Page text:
As part of my summer reading, I’m getting back to books that I have collected over the past year. One of these is Witold Rybczynski’s Now I Sit Me Down: From Klismos to Plastic Chair – A Natural History (2016). When it was first published last summer, Mark Medley interviewed Rybczynski for The Globe and Mail and I was struck by the famous Architect/Author’s closing comments. Rybczynski declared that: “I don’t find most of the contemporary work very interesting. I tended to ignore it in the book. We’re not in a period of great furniture.” (Read the full interview here)
I completely disagree. We may be entering a new period of great furniture. But we won’t see it if we continue to look for modernist icons (which lazy specifiers place in repetitive interiors), surround ourselves with status quo objects (which multi-national companies can overproduce today due to manufacturing improvements), and neglect discussion about current design practices and passions.
Today’s metrics of evaluation have expanded beyond the close observation of heroic form and a willful pursuit of the functionalist stylistic idiom. In addition to what it looks like, we are starting to appreciate the context for furniture design, manufacturing, and use. Elegant designs combine a sensitive approach to material with thoughtful responses to manufacturing technologies and ethical, sustainable business practices. We need to be concerned with how contemporary designs explore cultural values and lifestyle choices that are particular to our age.
In Canada, there are many established furniture manufacturers who are supporting new design work at an expanded scale. (See my post “New Furniture” here) There are also many local designers who are exploring alternative practice models. Here are just two examples: Speke Klein, who opened their practice in 1997, and shows a commitment to local production; Coolican & Company makes small batch furniture that is sold both online and through local retailers.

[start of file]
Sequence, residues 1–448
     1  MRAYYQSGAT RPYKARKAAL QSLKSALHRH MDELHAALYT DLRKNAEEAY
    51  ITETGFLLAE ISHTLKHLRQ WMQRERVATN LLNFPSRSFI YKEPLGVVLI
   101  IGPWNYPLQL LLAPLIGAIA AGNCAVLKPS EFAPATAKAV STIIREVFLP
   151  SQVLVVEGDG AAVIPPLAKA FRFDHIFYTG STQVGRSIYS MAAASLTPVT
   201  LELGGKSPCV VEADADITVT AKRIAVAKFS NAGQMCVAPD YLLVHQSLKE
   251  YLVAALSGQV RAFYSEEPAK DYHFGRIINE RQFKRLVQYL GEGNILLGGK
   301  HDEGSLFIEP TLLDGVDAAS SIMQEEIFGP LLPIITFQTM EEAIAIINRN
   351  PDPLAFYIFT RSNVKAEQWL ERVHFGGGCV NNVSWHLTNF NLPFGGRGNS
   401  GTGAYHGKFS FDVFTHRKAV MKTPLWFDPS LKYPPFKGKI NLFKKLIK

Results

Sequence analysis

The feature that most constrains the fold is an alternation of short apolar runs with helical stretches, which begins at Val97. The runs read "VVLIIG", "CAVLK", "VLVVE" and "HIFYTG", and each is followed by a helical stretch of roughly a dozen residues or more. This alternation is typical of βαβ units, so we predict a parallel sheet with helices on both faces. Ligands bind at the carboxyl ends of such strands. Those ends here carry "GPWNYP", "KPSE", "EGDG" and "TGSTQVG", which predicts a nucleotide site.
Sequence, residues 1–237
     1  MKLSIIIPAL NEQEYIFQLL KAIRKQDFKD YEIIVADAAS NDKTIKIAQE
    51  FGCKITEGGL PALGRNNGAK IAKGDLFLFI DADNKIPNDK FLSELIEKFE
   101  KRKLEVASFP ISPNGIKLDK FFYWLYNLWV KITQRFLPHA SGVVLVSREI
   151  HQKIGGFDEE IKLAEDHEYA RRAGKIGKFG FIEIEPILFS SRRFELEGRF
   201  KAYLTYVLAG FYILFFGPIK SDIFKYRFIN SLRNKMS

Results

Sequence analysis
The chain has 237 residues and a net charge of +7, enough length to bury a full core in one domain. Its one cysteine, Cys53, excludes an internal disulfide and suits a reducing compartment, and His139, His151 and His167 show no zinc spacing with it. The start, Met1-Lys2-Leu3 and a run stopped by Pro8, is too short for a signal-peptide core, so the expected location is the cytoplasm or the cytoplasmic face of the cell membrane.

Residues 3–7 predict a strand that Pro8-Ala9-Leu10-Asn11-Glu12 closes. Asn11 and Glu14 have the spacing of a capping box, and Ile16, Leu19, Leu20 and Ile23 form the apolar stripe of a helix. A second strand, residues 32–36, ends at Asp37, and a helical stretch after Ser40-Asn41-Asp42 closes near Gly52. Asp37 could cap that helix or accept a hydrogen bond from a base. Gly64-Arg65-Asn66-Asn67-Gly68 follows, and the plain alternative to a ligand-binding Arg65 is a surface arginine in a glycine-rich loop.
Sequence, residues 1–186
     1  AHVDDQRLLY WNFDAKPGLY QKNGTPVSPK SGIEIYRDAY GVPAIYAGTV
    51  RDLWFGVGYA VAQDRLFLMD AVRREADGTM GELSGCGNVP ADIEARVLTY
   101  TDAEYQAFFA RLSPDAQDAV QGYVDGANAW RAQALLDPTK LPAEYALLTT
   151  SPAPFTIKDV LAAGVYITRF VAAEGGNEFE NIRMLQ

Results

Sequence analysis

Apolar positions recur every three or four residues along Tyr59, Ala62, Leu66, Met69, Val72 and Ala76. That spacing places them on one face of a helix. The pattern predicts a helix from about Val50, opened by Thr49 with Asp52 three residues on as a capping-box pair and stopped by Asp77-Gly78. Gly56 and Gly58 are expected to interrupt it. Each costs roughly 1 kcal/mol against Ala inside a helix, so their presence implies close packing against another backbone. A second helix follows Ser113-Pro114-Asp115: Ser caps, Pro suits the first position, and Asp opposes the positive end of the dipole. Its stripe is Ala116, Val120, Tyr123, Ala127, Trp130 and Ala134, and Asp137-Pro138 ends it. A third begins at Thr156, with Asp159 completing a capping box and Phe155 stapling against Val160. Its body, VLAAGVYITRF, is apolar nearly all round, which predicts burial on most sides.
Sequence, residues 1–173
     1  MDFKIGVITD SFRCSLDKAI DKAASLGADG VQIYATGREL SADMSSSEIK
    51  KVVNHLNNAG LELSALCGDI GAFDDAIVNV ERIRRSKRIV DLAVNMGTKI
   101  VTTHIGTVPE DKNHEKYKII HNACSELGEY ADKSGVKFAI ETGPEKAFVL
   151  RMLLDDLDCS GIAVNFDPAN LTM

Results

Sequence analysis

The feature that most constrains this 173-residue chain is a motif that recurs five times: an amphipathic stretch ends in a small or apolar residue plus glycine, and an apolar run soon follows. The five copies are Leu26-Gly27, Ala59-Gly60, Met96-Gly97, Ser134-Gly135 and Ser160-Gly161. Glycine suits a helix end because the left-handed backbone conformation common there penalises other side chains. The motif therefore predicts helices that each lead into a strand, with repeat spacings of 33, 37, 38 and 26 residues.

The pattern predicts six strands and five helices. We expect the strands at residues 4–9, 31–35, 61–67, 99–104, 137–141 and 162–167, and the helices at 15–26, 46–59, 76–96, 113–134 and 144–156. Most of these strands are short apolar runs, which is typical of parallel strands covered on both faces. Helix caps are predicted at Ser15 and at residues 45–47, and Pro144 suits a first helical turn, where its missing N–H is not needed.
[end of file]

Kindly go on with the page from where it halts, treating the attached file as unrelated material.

One could evaluate these two contemporary practices based on a search for ‘iconic’ designs that populate public spaces – as Rybcynski did in his closing argument about the telling prevalence of the Eames Chair in public spaces. (Note that Speke Klein’s Mary chair fills the interior of the Massey College Chapel, Toronto, recently named one of only two Chapels Royal in Canada!)
Or, one could start another conversation based on how these practices are building on a different set of design values. The founders of Speke Klein, for instance, studied under one of the great post-war British studio furniture makers, John Makepeace, at his school Parnham College in Dorset, England. In both his furniture design activities, and his pioneering approach to wood sourcing and stewardship, Makepeace left a strong impression on generations of furniture designers and makers. Peter Coolican of Coolican & Co. trained at the Rosewood Studio, a small woodworking School in Perth, Ontario. Currently run by Ron Barter, a founding member of The Furniture Society, the Rosewood Studio was started in 2002 by Canadian craftsman Ted Brown who based on his own training on the esteemed woodworking visionary James Krenov (College of the Redwoods, California). Influential in their own ways, both Makepeace and Krenov both conveyed a commitment to working with wood as a practice aligned with designerly thinking. They were part of the designer as craftsman movement initiated in the 1970s that continues to provide options for designers responding to today’s post-industrial challenges.
Contemporary furniture design is interesting; to ignore it is a mistake. If stylistic paradigms have shifted, and indeed if what furniture lovers care about is changing, then critics ignore these transformations at their peril. To suggest, as Rybczynski does, that a book on the history of chairs does not need to confront contemporary design is misleading. By paying attention to the changing values and enthusiasms of contemporary furniture designers we can learn how to better chart a course for the future.
[image: KRW’s copy of Witold Rybczynski, Now I Sit Me Down – From Klismos to Plastic Chair: A Natural History (Farrar, Straus & Giroux, 2016)]